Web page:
Dáil debates

Wednesday, 7 March 2007

1:00 pm

Photo of Willie O'DeaWillie O'Dea (Minister, Department of Defence; Limerick East, Fianna Fail)

The Niemba ambush occurred almost 46 years ago. It was the first such action involving the horrific deaths of Defence Forces personnel on a scale that remains unique. It has never been far from the public consciousness and I would like to publicly acknowledge the sacrifice made by all of the patrol's members and to extend my deepest sympathies to the families of those who died.

I will not take up the time of the House by going over the circumstances again, but there are two areas of controversy, namely, where Trooper Browne died and what he did to contribute to the survival of Private Kenny. The report concludes that prior to Trooper Browne's escape from the ambush site, he fired his weapon at the Balubas who were intent on beating Private Kenny to death, thereby distracting them and saving his life.

Colonel Behan's research of the available reports, consultation, interviews and direct evidence shows that there is no absolute certainty achievable in regard to these two matters. However, all the material assembled by Colonel Behan, including the statements of the interviews with Mr. Kenny and Mr. Fitzpatrick, will be added to the unit history and other associated papers held at the Military Archives, thereby creating the fullest and clearest record possible of this tragic event.

Since the completion of the report, Mr. Kenny and Mr. Fitzpatrick have asked me to hold an independent inquiry on the matter, but I do not believe that any further inquiry or investigation will resolve the facts of this case. Rather than focusing further on the specific circumstances in dispute, I would prefer to focus on how best the contribution of Mr. Kenny and Mr. Fitzpatrick can be suitably recognised and honoured. I would like to advise the House that I will be meeting each of the men tomorrow.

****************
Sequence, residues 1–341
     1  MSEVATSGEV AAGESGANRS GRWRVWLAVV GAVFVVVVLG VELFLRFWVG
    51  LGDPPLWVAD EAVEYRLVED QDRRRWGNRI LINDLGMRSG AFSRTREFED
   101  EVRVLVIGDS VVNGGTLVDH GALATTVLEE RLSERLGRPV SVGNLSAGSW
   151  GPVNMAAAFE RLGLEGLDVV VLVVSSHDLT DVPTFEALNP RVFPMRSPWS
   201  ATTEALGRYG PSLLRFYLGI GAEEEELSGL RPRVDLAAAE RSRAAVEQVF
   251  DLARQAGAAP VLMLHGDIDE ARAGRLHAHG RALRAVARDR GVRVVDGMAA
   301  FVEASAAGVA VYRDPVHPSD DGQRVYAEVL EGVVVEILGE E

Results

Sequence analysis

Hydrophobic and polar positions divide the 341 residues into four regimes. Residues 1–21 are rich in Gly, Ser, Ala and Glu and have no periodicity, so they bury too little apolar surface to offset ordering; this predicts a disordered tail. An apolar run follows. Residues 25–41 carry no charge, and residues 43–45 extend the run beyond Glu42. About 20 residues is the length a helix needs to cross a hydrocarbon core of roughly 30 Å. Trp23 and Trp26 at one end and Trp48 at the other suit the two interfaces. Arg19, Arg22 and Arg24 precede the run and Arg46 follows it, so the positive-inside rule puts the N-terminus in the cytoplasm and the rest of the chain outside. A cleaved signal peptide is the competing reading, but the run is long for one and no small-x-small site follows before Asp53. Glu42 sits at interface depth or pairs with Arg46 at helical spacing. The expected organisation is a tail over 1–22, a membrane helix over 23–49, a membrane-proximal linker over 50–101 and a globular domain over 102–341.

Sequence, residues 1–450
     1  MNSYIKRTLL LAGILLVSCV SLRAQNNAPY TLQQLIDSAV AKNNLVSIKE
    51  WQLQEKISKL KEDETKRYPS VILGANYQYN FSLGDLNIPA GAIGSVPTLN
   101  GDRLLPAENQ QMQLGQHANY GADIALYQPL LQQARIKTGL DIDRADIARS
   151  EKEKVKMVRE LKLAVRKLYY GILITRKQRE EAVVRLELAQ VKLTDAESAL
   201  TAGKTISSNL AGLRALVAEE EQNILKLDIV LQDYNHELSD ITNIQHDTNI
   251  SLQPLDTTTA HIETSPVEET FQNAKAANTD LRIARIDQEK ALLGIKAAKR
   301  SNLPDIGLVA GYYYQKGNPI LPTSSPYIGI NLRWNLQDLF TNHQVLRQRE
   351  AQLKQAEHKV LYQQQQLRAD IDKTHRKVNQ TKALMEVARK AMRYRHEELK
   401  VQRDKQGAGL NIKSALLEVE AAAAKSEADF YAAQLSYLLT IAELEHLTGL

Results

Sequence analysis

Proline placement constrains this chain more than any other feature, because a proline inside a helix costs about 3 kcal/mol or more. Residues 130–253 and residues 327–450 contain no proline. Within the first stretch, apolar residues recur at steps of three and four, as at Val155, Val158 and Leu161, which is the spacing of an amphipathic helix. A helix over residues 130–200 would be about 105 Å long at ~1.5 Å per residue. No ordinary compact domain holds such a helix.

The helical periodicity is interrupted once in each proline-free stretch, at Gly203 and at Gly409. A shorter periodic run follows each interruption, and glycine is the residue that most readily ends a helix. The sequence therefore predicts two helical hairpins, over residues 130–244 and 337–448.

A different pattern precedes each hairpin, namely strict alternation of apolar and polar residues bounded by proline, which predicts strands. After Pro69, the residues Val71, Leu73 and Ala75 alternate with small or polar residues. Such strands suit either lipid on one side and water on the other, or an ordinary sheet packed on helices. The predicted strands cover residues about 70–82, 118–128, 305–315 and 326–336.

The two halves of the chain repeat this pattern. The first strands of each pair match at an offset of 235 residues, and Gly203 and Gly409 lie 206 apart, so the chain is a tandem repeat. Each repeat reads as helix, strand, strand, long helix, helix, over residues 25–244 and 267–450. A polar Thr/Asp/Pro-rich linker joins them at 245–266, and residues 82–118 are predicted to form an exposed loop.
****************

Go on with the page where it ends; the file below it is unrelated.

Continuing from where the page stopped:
The Chief of Staff has proposed that appropriate public recognition of Mr. Kenny and Mr. Fitzpatrick be arranged on the day of an overseas parade where both could receive an appropriate presentation, such as a plaque or scroll. The UNIFIL review of troops, which is scheduled for Cathal Brugha Barracks at the end of April, would appear to be a suitable venue and event. A liaison officer has been appointed to keep Mr. Kenny and Mr. Fitzpatrick informed of developments with this proposal.

I would like to take this opportunity to recognise and acknowledge that Mr. Kenny, particularly in light of the serious injuries he sustained, and Mr. Fitzpatrick survived an horrific encounter with hostile forces, displaying courage, fortitude and tenacity to survive until finally rescued. I commend them on the selfless service they have given their country.

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